Senescent cells are those that have removed themselves from the cell cycle in response to damage or a tissue signaling environment that reflects nearby damage. This is an adaptation that serves to reduce cancer risk, at least in the early stages of aging, but it also causes harm as senescent cells accumulate in larger numbers. These cells emit signal molecules that degrade surrounding tissue structures, harm tissue function, and increase the odds of nearby cells also becoming senescent. Thus the accumulation of senescent cells over the years is one of the contributing causes of degenerative aging.
The ideal and simplest approach to removing this issue is to adapt targeted cell killing technologies under development in the cancer research community to periodically clear out senescent cells in the body. Other more complicated paths may be an option, however, such as reprogramming cells to reverse senescence, or as in this case blocking some of the signal molecules released by senescent cells, making them much less harmful to surrounding tissues:
Many age-related diseases are associated with an impaired fibrinolytic system. Elevated plasminogen activator inhibitor-1 (PAI-1) levels are reported in age-associated clinical conditions including cardiovascular diseases, type 2 diabetes, obesity and inflammation. PAI-1 levels are also elevated in animal models of aging.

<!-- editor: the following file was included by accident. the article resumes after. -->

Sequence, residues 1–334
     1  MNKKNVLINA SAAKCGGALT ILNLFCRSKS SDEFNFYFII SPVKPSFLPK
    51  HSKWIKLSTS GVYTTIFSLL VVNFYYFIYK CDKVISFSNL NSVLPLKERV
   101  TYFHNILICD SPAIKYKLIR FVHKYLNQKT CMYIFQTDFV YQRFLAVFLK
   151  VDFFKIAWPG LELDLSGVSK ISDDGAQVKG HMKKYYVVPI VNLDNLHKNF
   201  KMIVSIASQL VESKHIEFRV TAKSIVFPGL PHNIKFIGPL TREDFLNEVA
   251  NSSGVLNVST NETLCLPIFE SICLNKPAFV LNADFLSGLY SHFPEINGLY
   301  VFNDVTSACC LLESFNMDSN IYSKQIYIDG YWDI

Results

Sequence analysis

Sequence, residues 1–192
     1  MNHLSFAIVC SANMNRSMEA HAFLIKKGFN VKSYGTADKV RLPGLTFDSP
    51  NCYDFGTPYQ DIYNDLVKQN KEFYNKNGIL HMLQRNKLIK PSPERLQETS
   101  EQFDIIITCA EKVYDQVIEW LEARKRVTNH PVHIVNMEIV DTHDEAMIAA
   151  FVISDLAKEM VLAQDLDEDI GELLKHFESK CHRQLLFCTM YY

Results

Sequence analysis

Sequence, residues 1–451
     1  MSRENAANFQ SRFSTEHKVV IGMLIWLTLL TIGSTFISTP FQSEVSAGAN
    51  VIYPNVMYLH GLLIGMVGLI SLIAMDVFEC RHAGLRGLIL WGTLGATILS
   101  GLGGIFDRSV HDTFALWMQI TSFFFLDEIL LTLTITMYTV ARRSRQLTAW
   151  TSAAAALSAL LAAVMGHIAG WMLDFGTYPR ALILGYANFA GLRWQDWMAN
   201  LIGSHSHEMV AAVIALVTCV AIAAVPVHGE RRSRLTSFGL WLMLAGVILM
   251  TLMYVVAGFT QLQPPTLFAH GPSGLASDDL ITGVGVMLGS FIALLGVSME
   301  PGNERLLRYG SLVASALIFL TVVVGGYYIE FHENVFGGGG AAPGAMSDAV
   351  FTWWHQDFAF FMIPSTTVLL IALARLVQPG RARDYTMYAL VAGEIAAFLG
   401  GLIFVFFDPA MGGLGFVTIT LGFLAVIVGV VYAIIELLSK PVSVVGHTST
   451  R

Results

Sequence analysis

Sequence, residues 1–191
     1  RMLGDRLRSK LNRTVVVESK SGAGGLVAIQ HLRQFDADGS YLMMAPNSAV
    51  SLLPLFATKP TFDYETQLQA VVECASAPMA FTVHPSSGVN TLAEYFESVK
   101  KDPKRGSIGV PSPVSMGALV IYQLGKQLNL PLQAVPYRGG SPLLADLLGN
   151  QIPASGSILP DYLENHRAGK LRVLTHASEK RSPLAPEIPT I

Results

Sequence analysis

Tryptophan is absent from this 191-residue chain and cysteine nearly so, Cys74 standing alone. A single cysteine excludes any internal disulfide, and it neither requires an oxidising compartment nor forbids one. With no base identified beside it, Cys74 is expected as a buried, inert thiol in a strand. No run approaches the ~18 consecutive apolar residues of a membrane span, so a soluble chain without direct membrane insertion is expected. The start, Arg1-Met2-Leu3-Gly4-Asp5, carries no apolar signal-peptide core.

While the association of PAI-1 with physiological aging is well documented, it is only recently that its critical role in the regulation of aging and senescence has become evident. PAI-1 is synthesized and secreted in senescent cells and contributes directly to the development of senescence by acting downstream of p53 and upstream of insulin-like growth factor binding protein-3. Pharmacologic inhibition or genetic deficiency of PAI-1 was shown to be protective against senescence and the aging-like phenotypes in [mice]. Further investigation into PAI-1's role in senescence and aging will likely contribute to the prevention and treatment of aging-related pathologies.